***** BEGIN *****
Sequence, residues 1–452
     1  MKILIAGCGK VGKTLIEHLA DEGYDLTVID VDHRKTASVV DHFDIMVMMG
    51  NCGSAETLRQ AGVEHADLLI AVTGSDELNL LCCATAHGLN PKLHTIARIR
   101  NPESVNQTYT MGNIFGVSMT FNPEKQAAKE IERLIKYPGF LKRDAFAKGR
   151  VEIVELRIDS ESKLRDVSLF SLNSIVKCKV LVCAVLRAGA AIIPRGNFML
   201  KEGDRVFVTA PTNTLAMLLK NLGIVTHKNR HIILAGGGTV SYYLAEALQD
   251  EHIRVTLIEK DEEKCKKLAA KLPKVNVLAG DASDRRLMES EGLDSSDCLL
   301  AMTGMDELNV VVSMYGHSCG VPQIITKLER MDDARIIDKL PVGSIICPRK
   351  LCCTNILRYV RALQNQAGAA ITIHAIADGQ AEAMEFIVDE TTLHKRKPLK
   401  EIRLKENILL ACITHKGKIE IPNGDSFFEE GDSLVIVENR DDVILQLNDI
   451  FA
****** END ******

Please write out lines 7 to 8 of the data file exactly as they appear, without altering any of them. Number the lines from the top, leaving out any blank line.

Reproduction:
   251  EHIRVTLIEK DEEKCKKLAA KLPKVNVLAG DASDRRLMES EGLDSSDCLL
   301  AMTGMDELNV VVSMYGHSCG VPQIITKLER MDDARIIDKL PVGSIICPRK